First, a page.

Limits to energy use – energy or carbon decoupling?
As scholars of energy demand and efficiency, what have we witnessed in the intervening years and what can we say about the future?
Many interpreted the original Limits theory as suggesting that we would “run out” of non-renewable resources before the end of the 20th century or soon thereafter; evidently not the case. However, the quality of unconventional resources being extracted is certainly diminishing. Although the Peak Oil debate is on something of a hiatus, the Energy Return on Energy Investment (EROEI) of shale oil and other unconventional fuels is much lower than that of conventional production. A declining productivity of resources – both in terms of EROEI and economic return – was in fact one of the predictions of the original Limits report. Whilst we may currently be seeing an era of abundance due in part to ever-more efficient road vehicles as well as a geopolitically motivated excess of supply, this hasn’t translated into the conventional boon for global economic growth many expected it to be.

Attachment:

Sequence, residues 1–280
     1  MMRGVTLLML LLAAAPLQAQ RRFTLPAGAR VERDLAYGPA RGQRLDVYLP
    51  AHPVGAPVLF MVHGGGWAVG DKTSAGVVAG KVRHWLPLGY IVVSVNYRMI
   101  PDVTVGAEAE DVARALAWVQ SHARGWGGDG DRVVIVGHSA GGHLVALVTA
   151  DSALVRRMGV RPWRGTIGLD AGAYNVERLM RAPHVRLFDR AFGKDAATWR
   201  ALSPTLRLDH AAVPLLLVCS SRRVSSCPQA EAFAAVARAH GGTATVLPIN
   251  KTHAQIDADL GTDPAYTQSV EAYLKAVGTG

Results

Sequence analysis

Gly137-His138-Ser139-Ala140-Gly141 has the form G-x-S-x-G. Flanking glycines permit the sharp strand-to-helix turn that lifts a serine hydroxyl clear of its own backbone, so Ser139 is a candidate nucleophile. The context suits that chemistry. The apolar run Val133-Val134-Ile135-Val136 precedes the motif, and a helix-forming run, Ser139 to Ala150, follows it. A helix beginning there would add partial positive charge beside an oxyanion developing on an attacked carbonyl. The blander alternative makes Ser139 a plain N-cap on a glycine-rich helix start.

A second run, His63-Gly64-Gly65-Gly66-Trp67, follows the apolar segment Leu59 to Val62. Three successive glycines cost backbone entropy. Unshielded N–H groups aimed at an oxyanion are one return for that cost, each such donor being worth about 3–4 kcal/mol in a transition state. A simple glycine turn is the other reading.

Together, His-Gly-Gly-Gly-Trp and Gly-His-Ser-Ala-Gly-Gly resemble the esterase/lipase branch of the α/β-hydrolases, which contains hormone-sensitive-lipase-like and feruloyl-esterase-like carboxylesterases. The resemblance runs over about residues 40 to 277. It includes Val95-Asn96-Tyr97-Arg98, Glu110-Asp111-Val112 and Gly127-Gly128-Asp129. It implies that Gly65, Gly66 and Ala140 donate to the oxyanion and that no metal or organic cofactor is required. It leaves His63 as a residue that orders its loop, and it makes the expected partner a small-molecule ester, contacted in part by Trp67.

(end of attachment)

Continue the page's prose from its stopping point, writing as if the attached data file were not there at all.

Of course, the debate around whether or not we can continue to experience green growth on a finite planet relies upon our ability to decouple GDP from carbon emissions (as well as other environmental damages, of course, but our focus here is primarily on carbon). Whether or not this requires a decoupling of energy use from economic growth depends upon the ability to decarbonise our primary energy supply and reach “net zero emissions”. The feasibility of doing so remains to be seen. The process of capturing waste carbon dioxide (CO2), called Carbon Capture and Storage, and nuclear energy have faltered somewhat, biomass for energy faces huge land competition, and whilst renewables are looking increasingly promising, their deployment remains in its nascent stages. Embracing energy-GDP decoupling, then, may be necessary too. This would entail increasing the efficiency with which we convert primary energy into its useful forms, as the inputs to energy services we demand as users. Energy efficiency has been touted as a “first fuel”, yet still doesn’t receive quite the same level of attention as the construction of big, shiny new power stations.